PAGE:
2011 sees The Value Engineers celebrate its 25th anniversary. As an homage to the branding world which has been our life for the last quarter of a century, we will be posting a blog on the 25th of every month, discussing everything ’25′.
The year we started The Value Engineers we did a review of the food market for a client. Back then, information on food trends or helpful websites didn’t exist – so we had to find the data for ourselves.
One source was the Good Food Guide. We sampled editions back to the early 1950s, charting the rise of ethnic food, the slow decline of eclectic (and insincere) ‘continental’ restaurants that served anything you could freeze and re-heat, and the painfully slow emergence of regional cuisine.
Looking back now at the 1986 Good Food Guide, I’m struck by what – and particularly who – is not there.
Of the celebrity chefs we now celebrate or sneer at only Raymond Blanc and ‘Richard’ (never Rick) Stein get a mention. No Gordon Ramsay, no Marco Pierre White. Jamie Oliver was only 11 – still five years away from going to catering college – and Heston Blumenthal still had hair, though he started his self-taught progress towards the Fat Duck. Top chefs – including Ken Whitehead of Boulestin – not only endorsed but even cooked with Uncle Ben’s rice. ‘Come off it, old son’ said the Guide.
The Dorchester Hotel – under Anton Mosimann – had the infamous Lymeswold cheese on its menu, because, so they said, the ‘Americans ask for it’.
Italian restaurants went big on ‘chicken Kiev’. Vacuum packed boil in the bag food was a new – and welcome – trend, replacing the frozen entrees and frozen broccoli that dominated the British restaurant trade.
Then the restaurant empires were those of the Roux Brothers and Peter Langan – though the latter’s drunken antics were already beginning to raise eyebrows.
The Guide lamented the level to which prices had risen. Lunch at Le Manoir was £25; getting out of a ‘top end’ restaurant for less than £40 a head was rare – and compared with Chelsea season tickets at £154 or Wimbledon Finals tickets for £18 restaurant prices were exorbitant and ‘arrogant’. Lunch at the Manoir is now around £60; Chelsea season tickets are between £550-1200. Maybe good food is not such a rip-off after all.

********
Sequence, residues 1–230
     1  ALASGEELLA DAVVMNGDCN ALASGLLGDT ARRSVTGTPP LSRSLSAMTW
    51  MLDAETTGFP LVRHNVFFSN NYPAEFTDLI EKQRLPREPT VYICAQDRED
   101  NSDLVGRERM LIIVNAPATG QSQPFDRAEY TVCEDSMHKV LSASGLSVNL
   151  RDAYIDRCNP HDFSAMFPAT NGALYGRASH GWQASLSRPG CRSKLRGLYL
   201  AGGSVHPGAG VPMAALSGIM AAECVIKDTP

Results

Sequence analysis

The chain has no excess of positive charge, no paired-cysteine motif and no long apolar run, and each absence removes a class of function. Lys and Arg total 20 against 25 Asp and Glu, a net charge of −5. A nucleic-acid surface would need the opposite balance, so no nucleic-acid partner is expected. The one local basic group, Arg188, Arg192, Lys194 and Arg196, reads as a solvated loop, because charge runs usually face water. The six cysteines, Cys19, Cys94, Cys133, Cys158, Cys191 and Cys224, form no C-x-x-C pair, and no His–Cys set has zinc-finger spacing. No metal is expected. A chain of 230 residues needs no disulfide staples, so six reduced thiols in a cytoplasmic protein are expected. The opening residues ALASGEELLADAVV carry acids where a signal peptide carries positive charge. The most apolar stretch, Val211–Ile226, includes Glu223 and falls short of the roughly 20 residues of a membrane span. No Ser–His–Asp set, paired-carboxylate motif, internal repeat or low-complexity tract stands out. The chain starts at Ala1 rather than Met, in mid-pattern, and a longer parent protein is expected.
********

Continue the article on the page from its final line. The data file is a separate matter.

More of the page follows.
The big trend for the future – said the Guide – was ‘Real Food’. Local ingredients, locally sourced. The Hilton Hotel on Park Lane even had a British Harvest restaurant, with regional British cheeses and English wine. However, ethnic restaurants dominated the Guide. They were ‘head and shoulders’ above the European restaurants for value, quality of food and even service. French food was the ‘major area of activity for the processed food industry’ and English food was ‘confused and in search of an identity’.
In 1986 The Value Engineers successfully sold to Tesco – via a tasting – the idea and appeal of English cheeses (including Yarg) but the rest of the supermarket trade would take many years before they caught on. We were, perhaps, ahead of our time.
Elsewhere, the Guide lamented, the British were ‘content to talk about a tomato or a potato as if the strain, where they were grown, how long they have been unearthed matters not a jot’.
All this was to change. Or almost all…
Le Manoir aux Quat’Saisons and Le Gavroche were top of the pile then. They still are.
But what is also interesting about the GFG of 1986 is that much of what they were campaigning for 25 years ago is still on the agenda today.
Firstly, their campaign for ‘real food’ (named ingredients, freshly sourced from local resources) can be seen in the trend towards what one could call the ‘uber-real’ movement. Foraging for indigenous ingredients has been on the key success factors in René Redzepi’s acclaimed Noma Restaurant in Copenhagen. The name itself gives away the secret. Short for Nordisk Mad (or Nordic food), Noma is a restaurant bent on re-discovery and reinvention of its Nordic heritage of edible plants, woodland berries and forest riches.
Back in 1986 the Guide was acclaiming the rebirth of Anna’s Place, a one room Nordic restaurant in Stoke Newington. Now a second key trend for the future is the renaissance of supper clubs – food sourced, prepared and cooked for in-the-know small groups by enthusiastic amateurs rather than the big brand professionals.
And my third trend? The rebirth of street food. It’s been an unnoticed and unsung feature of British food for a thousand years or more. And it’s on its way back. We will see a shift away from the mega-restaurants towards the street vans and the pop-up restaurants that will once again celebrate the value of fast, local, community-based food.
When the exotic becomes commonplace courtesy of the big chains it’s time to get local again.